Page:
April 3, 2018
Today’s college students often leave school with an overwhelming amount of debt. In some cases, student loans are discharged (also known as being cancelled or forgiven). In other cases, these loans are paid off by an employer. Both actions have tax consequences for the student loan borrowers. We’ll explain the tax implications, but first, let’s cover some necessary background information.
Cancellation of Debt Tax Basics
For federal income tax purposes, the general rule is that a taxpayer’s gross income includes any cancellation of debt (COD) income — unless one of several tax-law exceptions applies. The availability of exceptions (found in Section 108 of the Internal Revenue Code) depends on various factors such as the use of the loan proceeds and the borrower’s financial condition at the time the “COD event” occurs.
Here are some of the exceptions:
- The insolvency exception. Taxpayers can exclude COD income to the extent they are insolvent when the COD event occurs. Taxpayers are insolvent when their liabilities exceed the fair market value of their assets immediately before the COD event.
- The bankruptcy exception. This applies to debts that are discharged in bankruptcy proceedings.
- The public service employment exception. COD income from certain forgiven student loans is excludable. To qualify, the loan document must state that all or part of the student loan debt will be cancelled if the student works for a certain period of time in a specified profession for a specified type of employer. Basically, this is a public service requirement. For example, some teachers who work for five years at a school that serves low-income families may be eligible for forgiveness on up to $17,500 of certain federal loans.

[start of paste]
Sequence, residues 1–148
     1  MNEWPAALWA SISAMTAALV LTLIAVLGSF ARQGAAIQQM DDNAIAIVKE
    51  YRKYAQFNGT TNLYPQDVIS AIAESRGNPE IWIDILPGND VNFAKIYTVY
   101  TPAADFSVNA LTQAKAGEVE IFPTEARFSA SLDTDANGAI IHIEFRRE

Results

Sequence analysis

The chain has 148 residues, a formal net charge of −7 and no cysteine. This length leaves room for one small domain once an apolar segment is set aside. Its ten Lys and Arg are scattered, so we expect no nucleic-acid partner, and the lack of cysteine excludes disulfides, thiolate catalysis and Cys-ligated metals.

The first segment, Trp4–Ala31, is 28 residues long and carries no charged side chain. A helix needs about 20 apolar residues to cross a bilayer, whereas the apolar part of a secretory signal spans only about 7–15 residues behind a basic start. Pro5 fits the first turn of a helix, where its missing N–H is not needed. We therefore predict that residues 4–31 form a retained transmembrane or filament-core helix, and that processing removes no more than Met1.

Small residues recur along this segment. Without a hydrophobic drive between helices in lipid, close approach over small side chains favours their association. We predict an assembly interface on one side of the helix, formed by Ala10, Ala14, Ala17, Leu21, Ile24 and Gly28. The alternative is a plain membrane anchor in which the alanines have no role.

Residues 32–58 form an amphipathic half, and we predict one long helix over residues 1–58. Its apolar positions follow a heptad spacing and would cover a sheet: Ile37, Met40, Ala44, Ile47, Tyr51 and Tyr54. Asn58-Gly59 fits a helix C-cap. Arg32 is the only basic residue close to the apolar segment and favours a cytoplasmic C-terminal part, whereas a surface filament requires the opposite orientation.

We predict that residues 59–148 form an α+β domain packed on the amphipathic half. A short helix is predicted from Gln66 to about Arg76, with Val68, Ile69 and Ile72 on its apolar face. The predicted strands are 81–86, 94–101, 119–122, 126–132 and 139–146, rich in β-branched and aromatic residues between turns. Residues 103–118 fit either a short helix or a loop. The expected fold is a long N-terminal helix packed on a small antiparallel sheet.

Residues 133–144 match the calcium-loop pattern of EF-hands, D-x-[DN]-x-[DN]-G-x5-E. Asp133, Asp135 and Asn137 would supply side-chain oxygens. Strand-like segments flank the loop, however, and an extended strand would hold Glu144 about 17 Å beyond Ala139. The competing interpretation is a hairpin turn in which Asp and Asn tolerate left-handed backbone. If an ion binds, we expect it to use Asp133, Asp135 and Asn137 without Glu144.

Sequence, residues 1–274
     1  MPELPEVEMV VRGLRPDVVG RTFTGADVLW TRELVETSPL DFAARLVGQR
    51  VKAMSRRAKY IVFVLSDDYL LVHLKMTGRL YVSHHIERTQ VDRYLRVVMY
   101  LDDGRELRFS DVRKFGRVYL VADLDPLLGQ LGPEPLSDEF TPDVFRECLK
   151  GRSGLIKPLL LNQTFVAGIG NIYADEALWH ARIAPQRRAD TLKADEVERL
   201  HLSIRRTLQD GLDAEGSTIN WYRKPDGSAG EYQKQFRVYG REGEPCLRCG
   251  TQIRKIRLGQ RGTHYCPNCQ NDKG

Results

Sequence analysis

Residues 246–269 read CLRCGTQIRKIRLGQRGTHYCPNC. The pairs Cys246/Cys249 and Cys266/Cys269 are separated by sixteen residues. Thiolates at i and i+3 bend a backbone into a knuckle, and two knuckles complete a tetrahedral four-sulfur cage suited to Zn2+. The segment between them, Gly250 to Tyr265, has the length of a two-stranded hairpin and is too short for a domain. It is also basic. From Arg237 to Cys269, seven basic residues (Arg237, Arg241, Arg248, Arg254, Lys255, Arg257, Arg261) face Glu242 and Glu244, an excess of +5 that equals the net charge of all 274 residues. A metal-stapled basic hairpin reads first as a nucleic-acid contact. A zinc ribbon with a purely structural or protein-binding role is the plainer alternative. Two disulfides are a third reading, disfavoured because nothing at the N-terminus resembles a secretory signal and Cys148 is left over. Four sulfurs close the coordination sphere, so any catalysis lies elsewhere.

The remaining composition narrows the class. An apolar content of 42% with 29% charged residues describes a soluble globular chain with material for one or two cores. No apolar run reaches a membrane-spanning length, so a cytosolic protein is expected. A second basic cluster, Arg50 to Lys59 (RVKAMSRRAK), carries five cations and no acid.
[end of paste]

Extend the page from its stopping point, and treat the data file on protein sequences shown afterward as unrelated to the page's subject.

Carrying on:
Department of Education Loan Discharge Procedures
There are also some non-tax-law provisions that allow student loan borrowers to exclude COD income when the U.S. Department of Education discharges federal student loans. For this purpose, federal student loans include federal Family Education Loans, federal Perkins Loans and federal Direct Loans. For example:
The closed school procedure. The Department of Education can discharge a federal student loan when the student was attending a school at the time it closed or if the student withdrew within a certain period before the closing date. COD income from federal student loans that are discharged in this situation are tax-free and shouldn’t be reported as taxable gross income on the borrower’s federal income tax return.
The defense to repayment procedure. Under this procedure, the Department of Education is required to discharge a federal Direct Loan if a student borrower establishes, as a defense against repayment, that the school’s actions would give rise to a cause of action against the school under applicable state law. Federal Family Education Loans can also be discharged under this procedure if certain additional requirements are met.
There’s no statutory rule that provides tax-free treatment for COD income from loans that are discharged under this procedure. But the taxpayer (student loan borrower) may be able to exclude COD income amounts under other tax-law exceptions (such as the aforementioned insolvency exception or bankruptcy exception) or under an IRS-approved nonstatutory exception (such as the one for Corinthian College student loan borrowers, as explained below).